multiple perspectives, multiple meanings, multiplicity. Why do we find these
particular things pleasurable? How do African retentions coalesce with the
experiential sites in the New World, with new modes of cultural stability?
What does Wesley Brown's "tragic magic" mean when he says, "I
played in a Bar Mitzvah band. And it was a great job until I got hit by
that tragic magic, and I start playing a little bit before the beat, a little
bit behind the beat. I couldn't help myself. I lost the job." question
of addressing Black pleasure is a critical thing.
I've heard people talk about issues of representation and the content of
culture. But I'm trying to figure out how to make Black films that have
the power to allow the enunciative desires of people of African descent
to manifest themselves. What kinds of things do we do? How can we interrogate
the medium to find away Black movement in itself could carry, for example,
the weight of sheer tonality in Black song? And I'm not talking about the
lyrics that Aretha Franklin sang. I'm talking about how she sang them.
How do we make Black music or Black images vibrate in accordance with certain
frequential values that exist in Black music? How can we analyze the tone,
not the sequence of notes that Coltrane hit, but the tone itself and
synchronize Black visual movement with that? I mean, is this just a theoretical
possibility, or is this actually something we can do?
I'm developing an idea that I call Black visual intonation (BVI). What it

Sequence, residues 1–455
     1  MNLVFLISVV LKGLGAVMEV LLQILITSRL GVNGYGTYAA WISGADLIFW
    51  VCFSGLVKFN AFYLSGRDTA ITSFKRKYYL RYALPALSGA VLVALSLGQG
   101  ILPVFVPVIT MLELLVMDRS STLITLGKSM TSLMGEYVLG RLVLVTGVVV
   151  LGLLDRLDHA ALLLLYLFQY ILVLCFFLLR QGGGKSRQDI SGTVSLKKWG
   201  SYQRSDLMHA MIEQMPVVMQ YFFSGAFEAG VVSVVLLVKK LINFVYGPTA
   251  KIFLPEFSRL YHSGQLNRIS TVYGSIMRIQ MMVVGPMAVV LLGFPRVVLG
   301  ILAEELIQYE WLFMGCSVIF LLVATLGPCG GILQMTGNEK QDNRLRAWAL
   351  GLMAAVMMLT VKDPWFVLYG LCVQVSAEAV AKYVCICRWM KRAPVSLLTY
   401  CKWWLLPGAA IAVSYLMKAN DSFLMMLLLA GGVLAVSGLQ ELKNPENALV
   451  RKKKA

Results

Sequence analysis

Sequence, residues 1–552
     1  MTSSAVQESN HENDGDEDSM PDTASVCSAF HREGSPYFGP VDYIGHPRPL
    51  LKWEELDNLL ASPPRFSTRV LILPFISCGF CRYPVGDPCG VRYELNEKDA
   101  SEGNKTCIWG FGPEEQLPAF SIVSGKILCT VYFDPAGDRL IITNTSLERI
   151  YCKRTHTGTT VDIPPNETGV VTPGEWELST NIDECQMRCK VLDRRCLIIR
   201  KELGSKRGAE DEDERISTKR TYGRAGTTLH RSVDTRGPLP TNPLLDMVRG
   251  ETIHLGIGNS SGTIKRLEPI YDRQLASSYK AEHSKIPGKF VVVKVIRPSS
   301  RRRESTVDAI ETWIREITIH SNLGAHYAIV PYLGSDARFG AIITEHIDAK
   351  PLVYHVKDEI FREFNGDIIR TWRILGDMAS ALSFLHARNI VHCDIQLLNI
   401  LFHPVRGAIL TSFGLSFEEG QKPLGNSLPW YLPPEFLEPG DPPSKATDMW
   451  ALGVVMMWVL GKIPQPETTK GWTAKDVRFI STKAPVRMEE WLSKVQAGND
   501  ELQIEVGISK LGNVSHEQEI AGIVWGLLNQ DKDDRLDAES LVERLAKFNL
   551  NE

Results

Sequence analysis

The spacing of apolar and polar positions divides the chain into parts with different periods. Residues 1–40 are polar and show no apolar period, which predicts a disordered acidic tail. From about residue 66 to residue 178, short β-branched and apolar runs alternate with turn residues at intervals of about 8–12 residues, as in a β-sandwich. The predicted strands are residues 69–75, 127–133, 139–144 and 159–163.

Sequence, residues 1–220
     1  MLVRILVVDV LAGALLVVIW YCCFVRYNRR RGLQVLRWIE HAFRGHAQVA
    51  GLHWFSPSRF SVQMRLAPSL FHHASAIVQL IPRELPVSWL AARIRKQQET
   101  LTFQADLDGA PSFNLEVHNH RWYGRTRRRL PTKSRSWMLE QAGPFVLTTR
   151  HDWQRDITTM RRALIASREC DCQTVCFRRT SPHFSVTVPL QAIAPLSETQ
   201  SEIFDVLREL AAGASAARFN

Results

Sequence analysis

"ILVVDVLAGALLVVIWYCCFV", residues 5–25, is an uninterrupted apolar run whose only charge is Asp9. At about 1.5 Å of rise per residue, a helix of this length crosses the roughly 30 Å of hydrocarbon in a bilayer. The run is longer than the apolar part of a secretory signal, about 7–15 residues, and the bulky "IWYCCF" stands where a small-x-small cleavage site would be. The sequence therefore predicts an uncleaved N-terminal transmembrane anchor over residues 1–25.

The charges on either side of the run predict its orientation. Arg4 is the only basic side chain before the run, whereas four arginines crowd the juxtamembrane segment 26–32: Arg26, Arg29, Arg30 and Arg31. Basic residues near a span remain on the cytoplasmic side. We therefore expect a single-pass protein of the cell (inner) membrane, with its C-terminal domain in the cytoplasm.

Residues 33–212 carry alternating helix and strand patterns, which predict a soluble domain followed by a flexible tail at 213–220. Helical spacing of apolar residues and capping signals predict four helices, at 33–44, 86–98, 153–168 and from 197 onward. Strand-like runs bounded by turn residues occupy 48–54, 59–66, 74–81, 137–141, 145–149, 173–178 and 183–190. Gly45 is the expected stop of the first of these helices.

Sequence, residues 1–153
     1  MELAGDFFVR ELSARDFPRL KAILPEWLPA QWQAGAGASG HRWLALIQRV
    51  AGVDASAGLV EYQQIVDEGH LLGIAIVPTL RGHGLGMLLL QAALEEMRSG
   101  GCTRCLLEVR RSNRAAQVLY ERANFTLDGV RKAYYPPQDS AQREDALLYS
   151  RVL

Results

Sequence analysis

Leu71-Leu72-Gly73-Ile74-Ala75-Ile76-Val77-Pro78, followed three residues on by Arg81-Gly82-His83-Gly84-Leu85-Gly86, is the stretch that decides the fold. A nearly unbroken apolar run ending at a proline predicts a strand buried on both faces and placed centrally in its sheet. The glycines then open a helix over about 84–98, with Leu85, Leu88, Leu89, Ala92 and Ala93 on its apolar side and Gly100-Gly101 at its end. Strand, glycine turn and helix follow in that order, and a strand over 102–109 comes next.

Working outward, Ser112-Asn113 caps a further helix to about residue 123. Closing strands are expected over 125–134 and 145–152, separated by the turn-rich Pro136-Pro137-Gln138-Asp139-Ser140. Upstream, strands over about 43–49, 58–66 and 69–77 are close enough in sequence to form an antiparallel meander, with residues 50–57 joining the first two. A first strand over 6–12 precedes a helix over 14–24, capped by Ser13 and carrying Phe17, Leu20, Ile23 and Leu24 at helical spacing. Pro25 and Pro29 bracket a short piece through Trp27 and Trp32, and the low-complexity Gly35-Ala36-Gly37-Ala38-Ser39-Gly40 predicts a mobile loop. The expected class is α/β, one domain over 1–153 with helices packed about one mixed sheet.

consists of is the use of irregular, nontempered (nonmetronomic) camera
rates and frame replication to prompt filmic movement to function in a manner
that approximates Black vocal intonation. See, the inherent power of cinematic
movement is largely dependent on subtle or gross disjunctions between the
rate and regularity at which a scene is recorded and the rate and regularity
at which it is played back. Nonmetronomic camera rates, such as those employed
by silent filmmakers, are transfixing precisely because they are irregular.
The hand-cranked camera, for example, is a more appropriate instrument with
which to create movement that replicates the tendency in Black music to
"worry the note" to treat notes as indeterminate, inherently unstable
sonic frequencies rather than the standard Western treatment of notes as
fixed phenomena. Utilizing what I term alignment patterns, which are simply
a series of fixed frame replication patterns (and I have 372 at this point),
the visual equivalencies of vibrato, rhythmic patterns, slurred or bent
notes, and other musical effects are possible in film. You could do samba
beats, reggae beats, all kinds of things. This is just a beginning for trying
to talk about certain possibilities in Black cinema.
1. David Bordwell and Kristin Thompson,
"Space and Narrative in the Films of Ozu," Screen 17, no.
2 (Summer 1976), 41-73
29, no. 4 (Fall 1988).
Malcolm: The Life of a Man Who Changed Black America (Barrytown,
N.Y: Station Hill Press, 1991). Distributed by The Talman Co.
The above text copyright Arthur Jafa ,1992.